Often you are so busy with studying and your everyday life that you almost forget you’re actually living abroad. Which is not necessarily a bad thing, as I think in some way it indicates you made yourself at home. And maybe it also says something about how nice Uppsala is. You tend to forget there are some other kind of interesting places nearby… like.. maybe.. Stockholm? Kind of funny isn’t it. This cool capital city is less than an hour away by public transport, yet I’ve visited it only twice last year. I repeat: Twice. This literally means the frequency I visited Stockholm’s airport Arlanda is three times as high. A bit embarrassing really. One of my intentions for this second year of my studies is to spend some more time exploring this fancy city.
“If you like museums, this island will be your little paradise.”
And today I had the perfect reason. My eldest sister and her husband were spending their holidays in Scandinavia and would pay a short visit to Stockholm. Of course I wanted to spend some time with them while they were around 🙂 We met up and spent the most wonderful touristy day in town. First we took a tram to Djurgården, one of Stockholm’s many islands. This island is for a large part occupied by a beautiful park where we wandered around for a while. Autumn has started to take over now, slowly turning the leaves into all shades of yellow and brown. Even though the weather was not that great, it was dry and simply nice to spend some time outdoors. Djurgården island is occupied by many great museums, such as Skansen, the Abba museum, Nordiska museum and Våsa museum. If you like museums, this island will be your little paradise.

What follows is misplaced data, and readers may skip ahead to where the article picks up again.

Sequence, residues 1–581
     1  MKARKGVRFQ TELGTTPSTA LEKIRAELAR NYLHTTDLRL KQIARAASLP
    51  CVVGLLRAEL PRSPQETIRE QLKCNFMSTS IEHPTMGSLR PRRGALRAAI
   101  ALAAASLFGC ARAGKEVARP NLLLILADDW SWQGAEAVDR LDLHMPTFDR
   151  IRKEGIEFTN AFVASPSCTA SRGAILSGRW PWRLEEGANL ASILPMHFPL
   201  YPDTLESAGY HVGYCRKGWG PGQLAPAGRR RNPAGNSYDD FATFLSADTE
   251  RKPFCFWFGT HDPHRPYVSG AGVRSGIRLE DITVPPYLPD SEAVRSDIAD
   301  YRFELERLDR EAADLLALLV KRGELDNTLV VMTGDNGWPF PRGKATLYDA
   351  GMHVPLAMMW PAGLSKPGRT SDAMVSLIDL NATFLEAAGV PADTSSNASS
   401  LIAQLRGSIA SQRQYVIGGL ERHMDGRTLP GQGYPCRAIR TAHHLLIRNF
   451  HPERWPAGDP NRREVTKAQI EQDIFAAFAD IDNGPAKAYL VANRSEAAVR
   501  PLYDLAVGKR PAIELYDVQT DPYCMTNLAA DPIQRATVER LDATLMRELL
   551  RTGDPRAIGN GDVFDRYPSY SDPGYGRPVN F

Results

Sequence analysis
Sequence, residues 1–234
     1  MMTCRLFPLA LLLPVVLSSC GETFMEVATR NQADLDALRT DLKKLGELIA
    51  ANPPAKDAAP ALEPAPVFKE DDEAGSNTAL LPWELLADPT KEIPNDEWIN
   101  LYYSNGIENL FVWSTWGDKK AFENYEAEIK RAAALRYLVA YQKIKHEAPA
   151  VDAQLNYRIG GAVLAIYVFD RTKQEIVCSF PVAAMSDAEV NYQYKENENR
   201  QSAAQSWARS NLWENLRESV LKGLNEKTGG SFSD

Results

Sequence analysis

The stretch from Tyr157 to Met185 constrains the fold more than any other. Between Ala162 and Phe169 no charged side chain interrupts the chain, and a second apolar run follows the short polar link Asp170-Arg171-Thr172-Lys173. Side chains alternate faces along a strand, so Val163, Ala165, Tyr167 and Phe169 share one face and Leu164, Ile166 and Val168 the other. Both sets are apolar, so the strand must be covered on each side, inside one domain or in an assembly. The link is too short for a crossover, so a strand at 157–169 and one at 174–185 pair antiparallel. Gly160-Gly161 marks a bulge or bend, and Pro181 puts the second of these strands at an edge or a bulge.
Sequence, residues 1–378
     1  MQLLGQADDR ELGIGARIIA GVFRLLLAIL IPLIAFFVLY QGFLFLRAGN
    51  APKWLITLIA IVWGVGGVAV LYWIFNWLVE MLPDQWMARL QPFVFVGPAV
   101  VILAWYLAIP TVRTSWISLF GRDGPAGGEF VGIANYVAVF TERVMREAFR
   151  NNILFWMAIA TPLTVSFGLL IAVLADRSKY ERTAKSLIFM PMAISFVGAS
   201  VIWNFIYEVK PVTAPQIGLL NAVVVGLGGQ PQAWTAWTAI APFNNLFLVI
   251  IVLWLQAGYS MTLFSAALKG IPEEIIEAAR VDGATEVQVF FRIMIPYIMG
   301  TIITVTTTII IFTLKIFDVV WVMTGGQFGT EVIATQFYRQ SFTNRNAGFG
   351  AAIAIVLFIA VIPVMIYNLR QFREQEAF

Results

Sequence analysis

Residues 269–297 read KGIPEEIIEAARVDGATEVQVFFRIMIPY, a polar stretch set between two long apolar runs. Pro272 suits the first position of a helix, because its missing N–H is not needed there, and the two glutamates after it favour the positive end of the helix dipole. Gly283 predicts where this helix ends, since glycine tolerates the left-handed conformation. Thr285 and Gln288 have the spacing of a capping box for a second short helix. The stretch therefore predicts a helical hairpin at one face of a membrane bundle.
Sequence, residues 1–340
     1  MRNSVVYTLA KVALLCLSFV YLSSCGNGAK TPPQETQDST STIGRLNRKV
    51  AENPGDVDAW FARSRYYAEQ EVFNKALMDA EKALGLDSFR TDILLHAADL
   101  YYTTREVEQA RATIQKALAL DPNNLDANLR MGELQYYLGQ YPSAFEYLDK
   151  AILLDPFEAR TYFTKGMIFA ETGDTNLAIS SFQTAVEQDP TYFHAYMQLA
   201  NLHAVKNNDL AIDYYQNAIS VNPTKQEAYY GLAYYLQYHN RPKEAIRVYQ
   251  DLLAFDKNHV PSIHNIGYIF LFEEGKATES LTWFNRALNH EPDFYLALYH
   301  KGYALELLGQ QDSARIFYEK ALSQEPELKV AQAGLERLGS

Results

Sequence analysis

Kungliga Djurgården park
Recommended both by friends and the lonely planet, we decided to pick Våsa. The Våsa museum exhibits a restored warship from the 17th century, which sunk immediately after it started her ‘maiden voyage’. Turned out there was not enough stability in the boat, since the weight distribution was not well designed and the centre of gravity too high up. Oops! The ship had been built between 1626 and 1628, sunk in 1628 and has been hidden on the bottom of Stockholm’s bay for 333 years. They were able to get the ship as a whole back above sea-level in 1961. Conserved by mud, the boat and a lot of items from that era remain in a relatively great condition. I won’t spoil everything, but if you’re ever in Stockholm I would truly recommend this museum. Not only seeing the ship itself is impressive, the museum is also fun, interactive and informative.
Inside the Våsa museum
As we wanted to head to Gamla Stan afterwards we took the ferry back instead of a tram. I absolutely love travelling by ferry, and no matter the weather, I’ll be on deck. Seeing a city from the water just gives a whole new perspective. Gamla Stan literally translates into ‘old town’ and as you may have guessed it’s the oldest part of the town, dating from the 13th century. It is located on a small island named Stadsholmen. Besides being cute, unfortunately it’s also extremely(!) touristy. What we did really like though was that the rows of these ‘one of a kind’ souvenir stores were alternated by some stunning local art and handicraft stores. Not very cheap though, ahum, but window-shopping is fun as well 😉 We’ve had a great time together and after a lovely dinner it was time for goodbye and I had to head back to Uppsala. Dear Stockholm, I’ll be back!
Approaching Stadsholmen island from the ferry